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Evaluation of Cold-Season Precipitation Forecasts Generated by the Hourly Updating High-Resolution Rapid Refresh Model

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  • 1 National Center for Atmospheric Research,* Boulder, Colorado
  • | 2 NOAA/Earth System Research Laboratory, Boulder, Colorado
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Abstract

The hourly updating High-Resolution Rapid Refresh (HRRR) model is evaluated with regard to its ability to predict the areal extent of cold-season precipitation and accurately depict the timing and location of regions of snow, rain, and mixed-phase precipitation on the ground. Validation of the HRRR forecasts is performed using observations collected by the Automated Surface Observing System (ASOS) stations across the eastern two-thirds of the United States during the 2010–11 cold season. The results show that the HRRR is able to reliably forecast precipitation extent during the cold season. In particular, the location and areal extent of both snow and rain are very well predicted. Depiction of rain-to-snow transitions and freezing rain is reasonably good; however, the associated evaluation scores are significantly lower than for either snow or rain. The analyses suggest the skill in accurately depicting precipitation extent and phase (i.e., rain, snow, and mixed phase) depends on the size and organization of a weather system. Typically, larger synoptically forced weather systems are better predicted than smaller weather systems, including the associated rain-to-snow transition or freezing-rain areas. Offsets in space or time (i.e., causing misses and false alarms) have a larger effect on the model performance for smaller weather systems.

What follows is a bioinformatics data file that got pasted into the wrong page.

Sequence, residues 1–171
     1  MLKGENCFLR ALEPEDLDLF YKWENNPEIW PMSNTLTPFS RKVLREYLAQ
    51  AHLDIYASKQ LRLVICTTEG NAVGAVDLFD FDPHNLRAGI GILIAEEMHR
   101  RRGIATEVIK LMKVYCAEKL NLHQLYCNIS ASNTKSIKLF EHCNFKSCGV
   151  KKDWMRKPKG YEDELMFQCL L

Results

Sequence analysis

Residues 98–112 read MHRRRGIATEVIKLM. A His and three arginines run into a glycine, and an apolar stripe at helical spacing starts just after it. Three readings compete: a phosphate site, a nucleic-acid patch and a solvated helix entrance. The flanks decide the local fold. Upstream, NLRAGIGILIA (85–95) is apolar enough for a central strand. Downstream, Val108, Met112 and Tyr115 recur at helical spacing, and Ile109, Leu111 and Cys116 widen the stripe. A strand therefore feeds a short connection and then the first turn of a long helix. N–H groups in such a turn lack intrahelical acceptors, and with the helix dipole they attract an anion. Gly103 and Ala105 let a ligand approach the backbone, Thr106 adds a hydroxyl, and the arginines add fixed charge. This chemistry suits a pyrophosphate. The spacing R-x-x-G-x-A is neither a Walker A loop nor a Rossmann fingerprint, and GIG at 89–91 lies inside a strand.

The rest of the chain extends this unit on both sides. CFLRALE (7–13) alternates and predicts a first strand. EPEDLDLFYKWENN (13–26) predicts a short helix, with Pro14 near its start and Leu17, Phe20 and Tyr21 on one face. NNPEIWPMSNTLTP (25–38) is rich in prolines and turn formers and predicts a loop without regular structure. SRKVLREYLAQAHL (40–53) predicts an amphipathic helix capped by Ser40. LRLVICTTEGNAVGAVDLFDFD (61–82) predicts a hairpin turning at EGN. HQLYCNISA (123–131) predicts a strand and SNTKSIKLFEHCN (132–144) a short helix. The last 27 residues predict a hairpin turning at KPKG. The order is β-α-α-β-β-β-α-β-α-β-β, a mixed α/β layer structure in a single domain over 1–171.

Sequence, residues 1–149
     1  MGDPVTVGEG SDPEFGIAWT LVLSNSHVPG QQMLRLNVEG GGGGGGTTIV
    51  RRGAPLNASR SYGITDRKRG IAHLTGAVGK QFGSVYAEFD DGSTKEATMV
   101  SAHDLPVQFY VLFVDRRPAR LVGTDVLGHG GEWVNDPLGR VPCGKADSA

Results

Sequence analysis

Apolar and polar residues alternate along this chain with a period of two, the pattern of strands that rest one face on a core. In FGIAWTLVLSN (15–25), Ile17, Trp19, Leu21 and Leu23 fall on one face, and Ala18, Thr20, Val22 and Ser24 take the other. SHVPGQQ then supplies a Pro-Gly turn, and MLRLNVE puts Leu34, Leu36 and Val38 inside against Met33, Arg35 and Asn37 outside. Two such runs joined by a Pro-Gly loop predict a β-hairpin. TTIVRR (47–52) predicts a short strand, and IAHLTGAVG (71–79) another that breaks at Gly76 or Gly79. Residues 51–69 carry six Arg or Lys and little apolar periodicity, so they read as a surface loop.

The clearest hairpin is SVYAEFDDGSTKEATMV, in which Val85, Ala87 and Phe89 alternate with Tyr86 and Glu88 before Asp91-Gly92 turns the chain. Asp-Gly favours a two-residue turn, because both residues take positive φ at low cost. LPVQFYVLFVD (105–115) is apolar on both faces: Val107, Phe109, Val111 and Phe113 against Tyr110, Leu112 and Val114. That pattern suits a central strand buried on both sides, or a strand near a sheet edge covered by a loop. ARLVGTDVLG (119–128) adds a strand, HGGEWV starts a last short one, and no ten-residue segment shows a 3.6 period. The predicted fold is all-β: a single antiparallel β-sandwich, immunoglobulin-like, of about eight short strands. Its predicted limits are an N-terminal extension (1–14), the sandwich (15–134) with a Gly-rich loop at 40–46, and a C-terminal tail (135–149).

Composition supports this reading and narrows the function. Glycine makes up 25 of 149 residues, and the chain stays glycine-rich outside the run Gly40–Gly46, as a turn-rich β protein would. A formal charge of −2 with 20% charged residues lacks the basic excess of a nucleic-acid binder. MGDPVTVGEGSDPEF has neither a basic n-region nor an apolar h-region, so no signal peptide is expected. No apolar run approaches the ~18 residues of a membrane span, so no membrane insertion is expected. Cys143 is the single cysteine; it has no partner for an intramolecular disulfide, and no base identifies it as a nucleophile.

The National Center for Atmospheric Research is sponsored by the National Science Foundation.

Corresponding author address: Kyoko Ikeda, Research Applications Laboratory, National Center for Atmospheric Research, P.O. Box 3000, Boulder, CO 80307-3000. E-mail: kyoko@ucar.edu

Abstract

The hourly updating High-Resolution Rapid Refresh (HRRR) model is evaluated with regard to its ability to predict the areal extent of cold-season precipitation and accurately depict the timing and location of regions of snow, rain, and mixed-phase precipitation on the ground. Validation of the HRRR forecasts is performed using observations collected by the Automated Surface Observing System (ASOS) stations across the eastern two-thirds of the United States during the 2010–11 cold season. The results show that the HRRR is able to reliably forecast precipitation extent during the cold season. In particular, the location and areal extent of both snow and rain are very well predicted. Depiction of rain-to-snow transitions and freezing rain is reasonably good; however, the associated evaluation scores are significantly lower than for either snow or rain. The analyses suggest the skill in accurately depicting precipitation extent and phase (i.e., rain, snow, and mixed phase) depends on the size and organization of a weather system. Typically, larger synoptically forced weather systems are better predicted than smaller weather systems, including the associated rain-to-snow transition or freezing-rain areas. Offsets in space or time (i.e., causing misses and false alarms) have a larger effect on the model performance for smaller weather systems.

The National Center for Atmospheric Research is sponsored by the National Science Foundation.

Corresponding author address: Kyoko Ikeda, Research Applications Laboratory, National Center for Atmospheric Research, P.O. Box 3000, Boulder, CO 80307-3000. E-mail: kyoko@ucar.edu
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